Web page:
May 29, 08
Recommended to Miriam by:
organic farmers, environmentalists, people who enjoy feeling guilty
Read in May, 2008
My favorite cameo of all times from The Simpsons features Ed Begley Jr with a non-polluting car that runs on "[his] own sense of self-satisfaction." As I read this book, I couldn't help remembering that scene. Is Barbara Kingsolver a talented writer? Undoubtedly. Her descriptions of food are wonderful, and she makes her life on the farm sound idyllic, although she is realistic about the work involved. However, throughout it all,the undercurrent of self-satisfaction makes it hard to take. It's a pity, too, because I think her message is important.
Have a lot of Americans lost a connection with the land? Yes. Do many of us eat far too much processed food? Yes. However, Kingsolver can't seem to find one redeeming virtue in the life that so many millions of Americans live. At one point she mentions throwing the baby out with the bathwater in terms of the poor food choices Americans make, but with her all-or-nothing perspective, she is doing a little baby-tossing of her own. She sings the praises of Europe while stating that the US has no food culture. I've lived in every time zone in the continental US, and in every place I've found a different food culture. The US is a nation of immigrants, and despite McDonalds and Taco Bell, many features of this cultural blending are still alive and well.
The essays and sidebar articles by her husband and daughter are really what caused me to give the book two stars. The recipes her daughter writes about sound delicious, but the overly earnest prose is obviously written by a teenager, albeit a very intelligent one. The sidebars, like most sidebar articles, are too brief to really tell the full story. For example, in one article, Kingsolver's husband mentions that over 2/3rds of the families in Moscow grow their own food. This was true at one point, although anecdotal evidence leads me to believe that this is no longer the case, but he doesn't mention that in Western Siberia, a lot of people can no longer garden because encephalitis-bearing ticks have taken over their land, and they get closer and closer to the cities every year. The government used to spray for these ticks once a year, but they stopped spraying during the lean 1990s, and the ticks have taken over. A lot of families can no longer grow vegetables to supplement their diets, and the percentage of encephalitis-infected ticks grows every year. This is one example where the benefits of pesticides might outweigh the risks.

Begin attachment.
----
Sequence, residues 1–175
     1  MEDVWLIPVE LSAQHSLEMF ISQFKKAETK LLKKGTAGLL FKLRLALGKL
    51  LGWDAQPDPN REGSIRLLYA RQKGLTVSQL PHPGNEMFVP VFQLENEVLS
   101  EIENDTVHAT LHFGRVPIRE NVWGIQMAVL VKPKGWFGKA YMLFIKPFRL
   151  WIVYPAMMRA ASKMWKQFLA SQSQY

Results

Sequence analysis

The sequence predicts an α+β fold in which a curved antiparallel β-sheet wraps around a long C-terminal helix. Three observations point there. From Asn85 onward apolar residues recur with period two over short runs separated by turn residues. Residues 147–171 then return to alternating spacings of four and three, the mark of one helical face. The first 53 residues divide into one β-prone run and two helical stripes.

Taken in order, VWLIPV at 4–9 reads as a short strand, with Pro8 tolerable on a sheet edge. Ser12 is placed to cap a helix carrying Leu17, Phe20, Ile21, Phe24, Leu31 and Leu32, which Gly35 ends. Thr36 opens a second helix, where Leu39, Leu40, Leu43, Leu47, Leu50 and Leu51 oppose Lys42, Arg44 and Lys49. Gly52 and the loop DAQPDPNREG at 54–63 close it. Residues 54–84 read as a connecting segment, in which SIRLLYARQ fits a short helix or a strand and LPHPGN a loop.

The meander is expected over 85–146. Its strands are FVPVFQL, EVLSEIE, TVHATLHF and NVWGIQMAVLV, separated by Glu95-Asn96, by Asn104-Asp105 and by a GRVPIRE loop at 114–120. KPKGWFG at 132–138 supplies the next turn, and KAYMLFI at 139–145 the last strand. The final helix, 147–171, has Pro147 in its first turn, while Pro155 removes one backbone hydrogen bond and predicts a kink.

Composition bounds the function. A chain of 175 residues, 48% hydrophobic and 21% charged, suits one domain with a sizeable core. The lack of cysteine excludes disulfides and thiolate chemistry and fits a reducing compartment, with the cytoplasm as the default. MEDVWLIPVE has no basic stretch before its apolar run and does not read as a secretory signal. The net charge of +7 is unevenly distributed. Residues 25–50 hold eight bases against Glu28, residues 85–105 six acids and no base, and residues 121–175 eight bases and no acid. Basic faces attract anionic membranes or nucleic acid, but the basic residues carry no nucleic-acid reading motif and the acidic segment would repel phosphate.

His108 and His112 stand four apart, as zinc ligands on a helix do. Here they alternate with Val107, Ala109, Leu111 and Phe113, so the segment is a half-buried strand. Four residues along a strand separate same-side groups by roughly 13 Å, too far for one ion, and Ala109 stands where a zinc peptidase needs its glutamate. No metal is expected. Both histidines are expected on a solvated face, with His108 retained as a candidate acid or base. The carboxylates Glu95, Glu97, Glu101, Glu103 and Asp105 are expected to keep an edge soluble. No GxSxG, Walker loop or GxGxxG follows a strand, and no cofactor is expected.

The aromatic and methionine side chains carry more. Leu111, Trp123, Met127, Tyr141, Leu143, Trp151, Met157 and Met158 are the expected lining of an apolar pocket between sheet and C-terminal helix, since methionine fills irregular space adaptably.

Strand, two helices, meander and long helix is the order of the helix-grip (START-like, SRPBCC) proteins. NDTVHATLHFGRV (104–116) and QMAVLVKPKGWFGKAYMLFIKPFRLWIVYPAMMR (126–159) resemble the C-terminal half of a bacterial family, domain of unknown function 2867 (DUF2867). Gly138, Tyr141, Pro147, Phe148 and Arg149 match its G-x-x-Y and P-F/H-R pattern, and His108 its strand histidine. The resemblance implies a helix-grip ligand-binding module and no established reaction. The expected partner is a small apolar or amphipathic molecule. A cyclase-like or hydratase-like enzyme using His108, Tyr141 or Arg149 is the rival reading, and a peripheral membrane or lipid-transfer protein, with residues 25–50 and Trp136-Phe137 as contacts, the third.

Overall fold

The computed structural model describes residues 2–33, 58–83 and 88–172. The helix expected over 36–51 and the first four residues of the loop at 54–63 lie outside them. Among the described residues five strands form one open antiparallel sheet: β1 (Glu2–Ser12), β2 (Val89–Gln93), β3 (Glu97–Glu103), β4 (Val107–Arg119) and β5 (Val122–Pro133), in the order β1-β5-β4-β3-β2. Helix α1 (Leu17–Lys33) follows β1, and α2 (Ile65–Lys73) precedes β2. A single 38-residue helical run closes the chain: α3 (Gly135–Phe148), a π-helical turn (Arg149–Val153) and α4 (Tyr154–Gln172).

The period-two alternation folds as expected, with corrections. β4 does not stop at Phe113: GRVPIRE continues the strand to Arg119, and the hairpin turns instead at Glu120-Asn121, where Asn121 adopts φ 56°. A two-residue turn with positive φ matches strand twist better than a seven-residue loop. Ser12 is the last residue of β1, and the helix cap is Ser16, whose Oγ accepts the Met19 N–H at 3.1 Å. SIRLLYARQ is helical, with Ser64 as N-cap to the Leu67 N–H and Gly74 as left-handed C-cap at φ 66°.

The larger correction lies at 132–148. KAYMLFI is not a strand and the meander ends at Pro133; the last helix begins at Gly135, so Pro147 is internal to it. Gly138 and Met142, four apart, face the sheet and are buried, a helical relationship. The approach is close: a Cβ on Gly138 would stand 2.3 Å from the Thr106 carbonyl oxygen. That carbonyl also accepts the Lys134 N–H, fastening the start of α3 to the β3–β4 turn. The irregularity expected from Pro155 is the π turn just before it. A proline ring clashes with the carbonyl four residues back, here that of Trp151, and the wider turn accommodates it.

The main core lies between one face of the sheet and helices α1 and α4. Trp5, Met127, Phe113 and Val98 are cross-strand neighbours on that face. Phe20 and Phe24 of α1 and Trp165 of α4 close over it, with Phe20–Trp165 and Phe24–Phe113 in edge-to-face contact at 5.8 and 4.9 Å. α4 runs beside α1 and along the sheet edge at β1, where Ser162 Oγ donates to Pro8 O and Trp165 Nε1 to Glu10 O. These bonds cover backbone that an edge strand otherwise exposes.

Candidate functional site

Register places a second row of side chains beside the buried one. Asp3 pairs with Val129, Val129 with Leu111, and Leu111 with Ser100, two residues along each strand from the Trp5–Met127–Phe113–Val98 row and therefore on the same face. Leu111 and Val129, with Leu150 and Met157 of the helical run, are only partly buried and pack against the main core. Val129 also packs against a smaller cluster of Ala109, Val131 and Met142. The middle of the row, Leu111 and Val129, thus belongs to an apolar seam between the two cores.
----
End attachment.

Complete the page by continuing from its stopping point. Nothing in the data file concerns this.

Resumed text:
Long story short (too late, I know), this was in many respects a good book, and I enjoyed parts of it a lot. It was the feeling of Kingsolver's contempt for the majority of Americans that made it so hard to take.